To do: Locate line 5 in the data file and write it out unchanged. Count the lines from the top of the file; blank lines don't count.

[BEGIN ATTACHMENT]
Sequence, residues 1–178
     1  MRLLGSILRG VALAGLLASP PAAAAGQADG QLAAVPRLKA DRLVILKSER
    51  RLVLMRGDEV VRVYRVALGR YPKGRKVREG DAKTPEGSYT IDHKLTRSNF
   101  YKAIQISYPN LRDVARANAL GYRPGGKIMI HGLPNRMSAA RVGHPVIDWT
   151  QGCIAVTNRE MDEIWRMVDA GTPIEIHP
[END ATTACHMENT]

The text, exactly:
   151  QGCIAVTNRE MDEIWRMVDA GTPIEIHP